Food

Louisiana Eats!
6:53 pm
Wed April 27, 2011

Anthony Bourdain & Jazzfest

Courtbouillon

Fish Fillet
1 lb. can of tomatoes
1 Onion, chopped
1 Bellpepper, chopped
3 Celery stalks, chopped
1/2 cup bacon grease or oil
1/2 cup flour
2 Garlic cloves
2 1/2 cups fish stock or water
2 Tsp. Thyme
2 Bay Leaves
1 Tsp. Pepper Sauce
Salt to taste

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Where Y'Eat
4:53 pm
Sat April 23, 2011

Eggstra! Eggstra!

New Orleans, LA – With Easter upon us, I'd like to talk about eggs. Back in the 20th Century, we were led to believe that eggs should be white. Today, at nearly every farmers market, you'll find brown, white, green and blue eggs. The green and blue are hatched by Chilean Araconda chickens. They're the cute hens with fluffy legs. Recently, we've also learned to love French Black Copper Marans eggs. Their shells are like their name - a deep brown copper color. The variety was popularized in the French Atlantic town of La Rochelle. Here in the US, they've acquired a certain je ne sais quoi.

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Where Y'Eat
4:02 am
Thu April 21, 2011

A Lunch Legacy in Hibernation

Pete Michailakis at the register of Gregory & Pete's in the CBD.
Ian McNulty

New Orleans, La. –

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Louisiana Eats!
6:01 pm
Wed April 20, 2011

Dooky Chase Traditions - Past and Present

Chef Leah Chase

Fried Chicken a la Leah Chase

Serves 4 - 6

1 whole chicken, cut into pieces
Salt and pepper
Flour
Oil for deep frying

Rinse the chicken piece thoroughly and pat dry. Liberally season the chicken with salt and pepper, then dredge in all-purpose flour. Heat the oil to 350 degrees and add the chicken to the hot oil making sure not to crowd the pot with too many pieces at one time. Set a timer for 20 minutes and when the timer rings, remove the chicken from the oil and drain on a rack. Serve immediately.

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Where Y'Eat
4:50 pm
Sat April 16, 2011

Forget Vidalia, think Petal

New Orleans, LA – I know that you think Vidalia is ground zero for sweet onions. Indeed, we tip our hats to Vidalia, Georgia for training us like monkeys to believe that they are the center of the onion universe. Thanks to living on land that contains little to no sulfur, their onions are sweet. However, let me let you in on a delicious secret: Petal, Mississippi has little to no sulfur in its soil. As a result, their onions are so sweet that I even eat the roots. And that's not all. Tangipahoah Parish's soil is also "sweet." Local onions are available now at our region's farmers markets.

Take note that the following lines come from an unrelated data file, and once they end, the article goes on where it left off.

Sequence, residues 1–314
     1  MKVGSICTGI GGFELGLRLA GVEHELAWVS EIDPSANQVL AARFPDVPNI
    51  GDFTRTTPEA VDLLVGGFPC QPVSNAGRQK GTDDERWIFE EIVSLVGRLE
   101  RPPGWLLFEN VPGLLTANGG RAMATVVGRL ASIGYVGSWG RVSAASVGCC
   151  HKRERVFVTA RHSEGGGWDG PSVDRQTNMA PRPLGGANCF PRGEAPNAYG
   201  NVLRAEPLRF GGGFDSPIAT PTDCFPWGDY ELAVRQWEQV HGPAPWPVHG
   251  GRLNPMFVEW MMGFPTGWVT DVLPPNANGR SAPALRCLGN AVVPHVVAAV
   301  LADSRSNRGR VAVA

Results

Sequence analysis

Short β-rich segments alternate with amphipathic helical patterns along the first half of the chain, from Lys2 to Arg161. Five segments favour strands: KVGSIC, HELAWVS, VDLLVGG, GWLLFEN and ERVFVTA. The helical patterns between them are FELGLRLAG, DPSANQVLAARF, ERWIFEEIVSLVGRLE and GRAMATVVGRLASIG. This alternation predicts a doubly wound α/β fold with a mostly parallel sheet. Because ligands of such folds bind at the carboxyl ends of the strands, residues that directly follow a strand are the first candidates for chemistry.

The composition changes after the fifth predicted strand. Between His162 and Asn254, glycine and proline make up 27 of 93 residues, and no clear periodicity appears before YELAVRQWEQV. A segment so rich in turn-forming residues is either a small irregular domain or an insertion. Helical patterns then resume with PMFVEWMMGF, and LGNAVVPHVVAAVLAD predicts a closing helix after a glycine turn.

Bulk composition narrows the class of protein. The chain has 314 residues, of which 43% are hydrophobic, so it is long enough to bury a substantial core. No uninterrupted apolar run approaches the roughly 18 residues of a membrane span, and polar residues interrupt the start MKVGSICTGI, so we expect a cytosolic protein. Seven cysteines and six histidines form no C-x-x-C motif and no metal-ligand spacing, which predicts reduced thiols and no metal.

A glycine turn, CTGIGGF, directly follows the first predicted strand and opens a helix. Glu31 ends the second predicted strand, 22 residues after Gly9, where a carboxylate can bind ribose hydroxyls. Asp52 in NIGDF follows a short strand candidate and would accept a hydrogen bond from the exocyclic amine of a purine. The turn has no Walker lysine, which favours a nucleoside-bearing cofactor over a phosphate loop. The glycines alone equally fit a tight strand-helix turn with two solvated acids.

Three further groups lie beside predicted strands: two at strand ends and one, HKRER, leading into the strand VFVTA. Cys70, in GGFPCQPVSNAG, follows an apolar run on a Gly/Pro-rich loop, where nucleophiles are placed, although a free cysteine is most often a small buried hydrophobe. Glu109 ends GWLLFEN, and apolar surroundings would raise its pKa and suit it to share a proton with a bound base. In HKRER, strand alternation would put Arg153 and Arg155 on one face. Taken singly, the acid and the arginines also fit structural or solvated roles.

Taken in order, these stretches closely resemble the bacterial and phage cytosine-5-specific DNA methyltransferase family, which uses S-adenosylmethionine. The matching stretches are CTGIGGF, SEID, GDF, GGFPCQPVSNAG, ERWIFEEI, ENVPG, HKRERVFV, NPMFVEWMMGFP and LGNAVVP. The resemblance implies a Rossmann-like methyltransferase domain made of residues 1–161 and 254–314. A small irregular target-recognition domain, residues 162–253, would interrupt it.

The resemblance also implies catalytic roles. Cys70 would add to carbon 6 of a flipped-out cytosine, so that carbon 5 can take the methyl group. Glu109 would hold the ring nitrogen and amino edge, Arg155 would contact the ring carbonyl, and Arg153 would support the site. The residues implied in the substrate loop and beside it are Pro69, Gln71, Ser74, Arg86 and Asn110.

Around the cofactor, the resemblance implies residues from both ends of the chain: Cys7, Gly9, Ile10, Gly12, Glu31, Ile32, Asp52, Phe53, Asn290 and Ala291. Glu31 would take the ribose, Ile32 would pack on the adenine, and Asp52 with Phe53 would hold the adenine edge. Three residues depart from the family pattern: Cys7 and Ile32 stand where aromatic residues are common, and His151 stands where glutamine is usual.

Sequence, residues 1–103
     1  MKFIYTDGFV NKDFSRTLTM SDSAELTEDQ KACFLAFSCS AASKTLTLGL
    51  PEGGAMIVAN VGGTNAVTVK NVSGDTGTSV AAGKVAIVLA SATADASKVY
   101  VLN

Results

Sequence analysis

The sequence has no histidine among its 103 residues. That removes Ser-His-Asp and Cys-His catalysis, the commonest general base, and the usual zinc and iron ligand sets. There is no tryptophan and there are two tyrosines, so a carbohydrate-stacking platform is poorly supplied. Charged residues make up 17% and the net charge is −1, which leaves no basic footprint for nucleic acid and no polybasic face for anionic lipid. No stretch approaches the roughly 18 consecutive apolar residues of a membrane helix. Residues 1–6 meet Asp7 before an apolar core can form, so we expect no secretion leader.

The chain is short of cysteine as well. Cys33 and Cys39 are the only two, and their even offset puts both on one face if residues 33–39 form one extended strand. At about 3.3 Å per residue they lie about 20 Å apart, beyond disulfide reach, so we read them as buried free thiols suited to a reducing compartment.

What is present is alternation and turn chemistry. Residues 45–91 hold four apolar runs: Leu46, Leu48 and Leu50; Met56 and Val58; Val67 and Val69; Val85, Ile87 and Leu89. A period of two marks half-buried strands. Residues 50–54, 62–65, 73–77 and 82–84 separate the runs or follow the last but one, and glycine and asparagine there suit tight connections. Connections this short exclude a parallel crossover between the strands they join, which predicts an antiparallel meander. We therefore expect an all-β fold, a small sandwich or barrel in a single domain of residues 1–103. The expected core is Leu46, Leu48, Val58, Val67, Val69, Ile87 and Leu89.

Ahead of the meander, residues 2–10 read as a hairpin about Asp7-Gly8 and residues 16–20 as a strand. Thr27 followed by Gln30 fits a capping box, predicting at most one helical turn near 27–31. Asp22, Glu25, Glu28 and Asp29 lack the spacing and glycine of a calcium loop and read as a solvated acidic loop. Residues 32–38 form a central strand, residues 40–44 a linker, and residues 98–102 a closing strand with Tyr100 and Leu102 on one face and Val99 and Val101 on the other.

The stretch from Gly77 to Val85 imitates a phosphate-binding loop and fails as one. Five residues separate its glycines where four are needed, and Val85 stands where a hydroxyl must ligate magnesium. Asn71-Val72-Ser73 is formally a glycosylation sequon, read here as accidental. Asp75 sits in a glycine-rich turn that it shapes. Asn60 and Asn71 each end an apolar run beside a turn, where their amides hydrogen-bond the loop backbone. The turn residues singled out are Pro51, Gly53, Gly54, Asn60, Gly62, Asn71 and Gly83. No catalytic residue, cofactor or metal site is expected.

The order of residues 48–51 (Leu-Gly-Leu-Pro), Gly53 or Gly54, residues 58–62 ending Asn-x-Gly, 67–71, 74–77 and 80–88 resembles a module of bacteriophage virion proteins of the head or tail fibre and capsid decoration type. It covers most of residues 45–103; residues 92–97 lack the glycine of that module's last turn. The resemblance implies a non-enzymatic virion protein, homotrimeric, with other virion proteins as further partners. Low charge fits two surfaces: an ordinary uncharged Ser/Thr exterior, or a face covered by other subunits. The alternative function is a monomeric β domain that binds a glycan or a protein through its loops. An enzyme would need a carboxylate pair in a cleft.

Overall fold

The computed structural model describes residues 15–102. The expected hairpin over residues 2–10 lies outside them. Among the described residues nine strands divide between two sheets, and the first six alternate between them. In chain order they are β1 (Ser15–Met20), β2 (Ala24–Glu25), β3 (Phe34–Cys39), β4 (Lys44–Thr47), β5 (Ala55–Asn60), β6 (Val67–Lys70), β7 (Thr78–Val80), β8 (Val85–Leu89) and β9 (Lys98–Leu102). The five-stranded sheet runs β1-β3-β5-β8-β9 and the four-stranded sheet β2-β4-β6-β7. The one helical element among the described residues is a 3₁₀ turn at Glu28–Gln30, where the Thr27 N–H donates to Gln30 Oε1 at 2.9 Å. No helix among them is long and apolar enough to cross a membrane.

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Where Y'Eat
3:59 am
Thu April 14, 2011

Lunching During Jury Duty

A bulging plate lunch from one of the quick-serve joints surrounding Orleans Parish Criminal District Court.
Ian McNulty

New Orleans, La. –
Jury trials at Orleans Parish Criminal Court are on the rise. This means the court needs more jurors, and it means the chances of a New Orleans resident being called for service are higher than ever.

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Louisiana Eats!
6:59 pm
Wed April 13, 2011

Plentiful Passover Practices

Creole Oyster Bisque

Serves 8

1 qt. oysters and their juice
3 stalks finely chopped celery
8 tablespoons (1 stick) butter
3 stalks finely chopped celery
6 tablespoons flour
2 cups oyster liquor (or oyster rinse water)**
2 teaspoons thyme
2 bay leaves
3 medium Idaho potatoes, peeled, cubed and blanched
1 bunch thinly sliced green onions
2 cups heavy cream (or 1/2 & 1/2)
Salt, pepper, hot sauce to taste

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Where Y'Eat
4:47 pm
Sat April 9, 2011

Taxes and Artichokes

Where Y'Eat
5:23 pm
Thu April 7, 2011

Brazil, By Way of Kenner

Tucked into a Kenner strip mall, this cafe feels like a clubhouse for Brazilian expats.
Ian McNulty

New Orleans, La. –
For some travelers, eating like the local eat is an essential part of any visit. I certainly feel this way, and that's because I think it helps us connect directly, intimately with the culture we sought to experience in the first place. It turns out that sometimes you don't even need to travel very far to tap into this dynamic.

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Louisiana Eats!
5:40 pm
Wed April 6, 2011

Besh & The Boys

New Orleans native, Chef John Besh

Crawfish Etouffee (Serves 4)

1 lb. crawfish tails
1 Stick butter (8 oz)
1 Bunch green onions, thinly sliced
1 Clove garlic
3 Tablespoons tomato paste
1 Cup of water to rinse out crawfis tail bags
1 Teaspoon thyme
2 Bay leaves
1/4 Teaspoon cayenne pepper
2 turns of the peppermill
Scant 1/2 Teaspoon salt

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